In contrast, Giuliani continued to have little good to say about the sport or the U.S. Open, dismissing it as elitist. He said he would not attend the Open, because of his unhappiness with the contract to rebuild. He also declined to speak at the opening of the new stadium in 1997 and never attended the event as mayor. But with little public notice he did agree to approve the tennis center’s expansion after a review concluded that he had no basis for a challenge.
Dinkins continued to be a ubiquitous presence at the Open. He would stay at the grounds until midnight, then wake at 5:30 a.m. to play in Central Park. “I’ve been on the court with Chris Evert, Bjorn Borg, John McEnroe, Arthur Ashe, Billie Jean King, Virginia Wade,” he said. “And let me tell you, tennis players are the nicest people.”
Dinkins also became involved with organizations that aimed to expand tennis’s reach beyond its stereotypical country-club image, notably the National Junior Tennis League, founded by Ashe, which introduces tennis to children and teens from low-income families.
“These programs teach our young people more than just tennis,” Dinkins wrote in The Times in 1990. “They reinforce values such as discipline, courteousness, good sportsmanship, team spirit and responsibility. And they provide our young people with an alternative to the streets and allow them to release creative energy in a positive way.”
He also made an impact when he served on the board of the U.S.T.A. “He was a loud voice in the room when it came to diversity and inclusion,” said Katrina Adams, a former Tour player and U.S.T.A. president. “He helped us to understand that we represented everybody.”
“My greatest interest and concern was that people playing tennis look like this country,” Dinkins told Tennis.com. “It has been my experience that having a seat at the table alters things.”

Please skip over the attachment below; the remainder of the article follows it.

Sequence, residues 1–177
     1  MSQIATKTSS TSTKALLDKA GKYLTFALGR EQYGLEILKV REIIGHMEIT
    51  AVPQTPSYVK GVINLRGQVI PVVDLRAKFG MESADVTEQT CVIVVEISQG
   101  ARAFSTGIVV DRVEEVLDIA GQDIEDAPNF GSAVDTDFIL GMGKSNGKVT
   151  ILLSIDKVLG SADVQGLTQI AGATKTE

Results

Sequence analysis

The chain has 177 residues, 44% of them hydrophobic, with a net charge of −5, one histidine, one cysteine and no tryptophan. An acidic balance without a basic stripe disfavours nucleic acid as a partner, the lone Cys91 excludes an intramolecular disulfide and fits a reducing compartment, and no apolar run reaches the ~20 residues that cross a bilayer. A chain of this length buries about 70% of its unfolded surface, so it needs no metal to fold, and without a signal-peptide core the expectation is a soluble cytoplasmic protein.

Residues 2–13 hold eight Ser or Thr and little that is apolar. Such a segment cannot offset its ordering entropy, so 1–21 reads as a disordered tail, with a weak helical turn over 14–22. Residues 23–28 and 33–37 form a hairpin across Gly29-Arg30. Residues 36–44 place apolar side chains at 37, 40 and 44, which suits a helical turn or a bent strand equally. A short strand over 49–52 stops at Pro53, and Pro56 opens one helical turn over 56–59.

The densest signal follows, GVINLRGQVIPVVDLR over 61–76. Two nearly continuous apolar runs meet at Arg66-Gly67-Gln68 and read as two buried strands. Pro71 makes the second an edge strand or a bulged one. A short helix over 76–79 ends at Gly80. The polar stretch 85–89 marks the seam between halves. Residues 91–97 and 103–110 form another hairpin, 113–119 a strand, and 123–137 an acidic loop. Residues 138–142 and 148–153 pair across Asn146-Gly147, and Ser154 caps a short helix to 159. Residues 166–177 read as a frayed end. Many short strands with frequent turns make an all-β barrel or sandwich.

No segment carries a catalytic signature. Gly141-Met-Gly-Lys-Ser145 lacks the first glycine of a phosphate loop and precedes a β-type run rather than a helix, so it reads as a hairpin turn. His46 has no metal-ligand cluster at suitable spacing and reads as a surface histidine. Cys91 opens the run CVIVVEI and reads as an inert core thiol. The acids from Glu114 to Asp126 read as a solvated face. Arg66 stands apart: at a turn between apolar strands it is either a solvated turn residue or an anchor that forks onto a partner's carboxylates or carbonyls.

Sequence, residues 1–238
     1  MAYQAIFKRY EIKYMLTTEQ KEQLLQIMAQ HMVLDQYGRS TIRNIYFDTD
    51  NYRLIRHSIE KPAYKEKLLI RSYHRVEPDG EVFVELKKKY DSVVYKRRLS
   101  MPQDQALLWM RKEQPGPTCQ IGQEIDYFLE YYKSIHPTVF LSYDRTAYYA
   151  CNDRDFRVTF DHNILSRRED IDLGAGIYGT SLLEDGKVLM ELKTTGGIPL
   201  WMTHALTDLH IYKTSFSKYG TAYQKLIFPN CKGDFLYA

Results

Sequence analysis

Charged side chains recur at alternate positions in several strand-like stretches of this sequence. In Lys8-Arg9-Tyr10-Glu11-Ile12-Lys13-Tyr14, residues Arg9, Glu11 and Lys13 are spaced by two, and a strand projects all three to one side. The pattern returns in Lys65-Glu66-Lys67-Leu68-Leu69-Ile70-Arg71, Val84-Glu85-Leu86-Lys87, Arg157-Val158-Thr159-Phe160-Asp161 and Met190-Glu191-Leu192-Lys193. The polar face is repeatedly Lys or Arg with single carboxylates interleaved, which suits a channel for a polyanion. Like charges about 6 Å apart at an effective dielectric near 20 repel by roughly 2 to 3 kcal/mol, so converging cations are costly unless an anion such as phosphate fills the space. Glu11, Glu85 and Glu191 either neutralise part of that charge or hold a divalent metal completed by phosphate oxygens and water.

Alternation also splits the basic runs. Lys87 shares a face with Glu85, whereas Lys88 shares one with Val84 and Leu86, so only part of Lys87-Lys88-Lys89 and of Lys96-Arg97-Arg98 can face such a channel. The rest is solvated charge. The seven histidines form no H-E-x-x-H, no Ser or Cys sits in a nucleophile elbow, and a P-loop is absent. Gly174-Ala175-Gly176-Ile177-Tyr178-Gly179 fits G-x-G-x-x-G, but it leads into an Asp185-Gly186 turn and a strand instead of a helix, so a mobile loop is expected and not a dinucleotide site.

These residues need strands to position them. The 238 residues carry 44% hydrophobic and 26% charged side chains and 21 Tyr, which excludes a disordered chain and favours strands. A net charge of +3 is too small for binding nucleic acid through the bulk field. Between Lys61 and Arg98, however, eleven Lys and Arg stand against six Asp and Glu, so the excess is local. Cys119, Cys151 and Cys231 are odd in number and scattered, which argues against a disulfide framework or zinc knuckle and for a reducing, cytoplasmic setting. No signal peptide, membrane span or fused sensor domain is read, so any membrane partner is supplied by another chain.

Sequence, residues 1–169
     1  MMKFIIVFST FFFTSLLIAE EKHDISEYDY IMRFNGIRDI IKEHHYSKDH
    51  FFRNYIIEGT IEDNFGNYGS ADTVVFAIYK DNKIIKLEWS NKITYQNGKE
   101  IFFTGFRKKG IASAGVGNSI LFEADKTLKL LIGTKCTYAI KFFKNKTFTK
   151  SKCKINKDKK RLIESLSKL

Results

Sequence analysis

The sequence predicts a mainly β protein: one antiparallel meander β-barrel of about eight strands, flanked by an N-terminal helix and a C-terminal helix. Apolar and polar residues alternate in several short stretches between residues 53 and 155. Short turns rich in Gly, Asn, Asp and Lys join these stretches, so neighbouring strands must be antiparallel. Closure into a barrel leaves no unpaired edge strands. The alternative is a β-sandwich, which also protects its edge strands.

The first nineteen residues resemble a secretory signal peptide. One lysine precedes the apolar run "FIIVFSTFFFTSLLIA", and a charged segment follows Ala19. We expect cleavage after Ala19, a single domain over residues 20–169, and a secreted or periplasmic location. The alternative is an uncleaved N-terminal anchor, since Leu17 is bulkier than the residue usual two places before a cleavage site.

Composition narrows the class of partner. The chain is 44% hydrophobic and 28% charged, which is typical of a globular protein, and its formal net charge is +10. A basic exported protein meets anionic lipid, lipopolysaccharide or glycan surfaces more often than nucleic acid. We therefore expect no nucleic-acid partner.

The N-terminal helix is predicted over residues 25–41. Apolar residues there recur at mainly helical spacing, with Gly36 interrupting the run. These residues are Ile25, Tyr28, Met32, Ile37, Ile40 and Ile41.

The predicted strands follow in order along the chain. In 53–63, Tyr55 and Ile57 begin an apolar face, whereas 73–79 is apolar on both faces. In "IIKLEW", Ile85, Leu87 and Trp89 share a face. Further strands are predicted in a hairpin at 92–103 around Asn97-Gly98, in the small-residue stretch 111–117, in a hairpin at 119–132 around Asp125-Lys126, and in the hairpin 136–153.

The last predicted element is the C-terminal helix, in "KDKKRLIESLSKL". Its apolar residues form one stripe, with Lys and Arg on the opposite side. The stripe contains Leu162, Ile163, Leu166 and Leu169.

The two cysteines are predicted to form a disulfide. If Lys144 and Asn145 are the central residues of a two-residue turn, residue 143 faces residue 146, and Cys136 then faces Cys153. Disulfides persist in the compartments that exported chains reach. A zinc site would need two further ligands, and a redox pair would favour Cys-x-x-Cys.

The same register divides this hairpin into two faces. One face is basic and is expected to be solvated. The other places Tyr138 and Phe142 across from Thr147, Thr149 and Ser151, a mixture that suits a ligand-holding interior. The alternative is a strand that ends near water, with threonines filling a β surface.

The tennis world honored Dinkins by naming an entrance to the tennis center after him, and he is also the namesake of some Harlem tennis courts.
But for tennis nuts, what ultimately matters is your game. So what was Dinkins like on the court?
Doug Henderson, a lawyer from the Inwood section of Manhattan and a longtime friend of Dinkins, who played with him in the ’70s and ’80s said: “He had a good game; he had strong legs. Today, the players use more of the upper body; he used his legs. He was ultracompetitive. He played until he just couldn’t play any more.
“He was immaculate in his suits and ties, and also in his tennis outfits and his manners.”
As he aged, Dinkins continued to seek challenging opposition. “He enjoyed playing with good players his age and much younger,” said Peter Knobler, who co-wrote the mayor’s autobiography, “A Mayor’s Life: Governing New York’s Gorgeous Mosaic.” “He played with Monica Seles and other pros. When players met him and found he had the same passion as they did, they responded.”
Dinkins continued to play doubles until he was 88. Adams, who played with him in those years on Roosevelt Island, said: “He would always have a diverse group with him, men women, Black, white, Asian, Hispanic. He always loved bringing people together. He was strategic, on the court, but also professionally.”
“When you reach your 80s, doubles is better for you. He wasn’t very powerful and not very quick then. The passion and the intensity was there, but the changeovers got longer and longer. But he loved his forehand, especially passing down the line. I remember, because I got passed quite a few times.”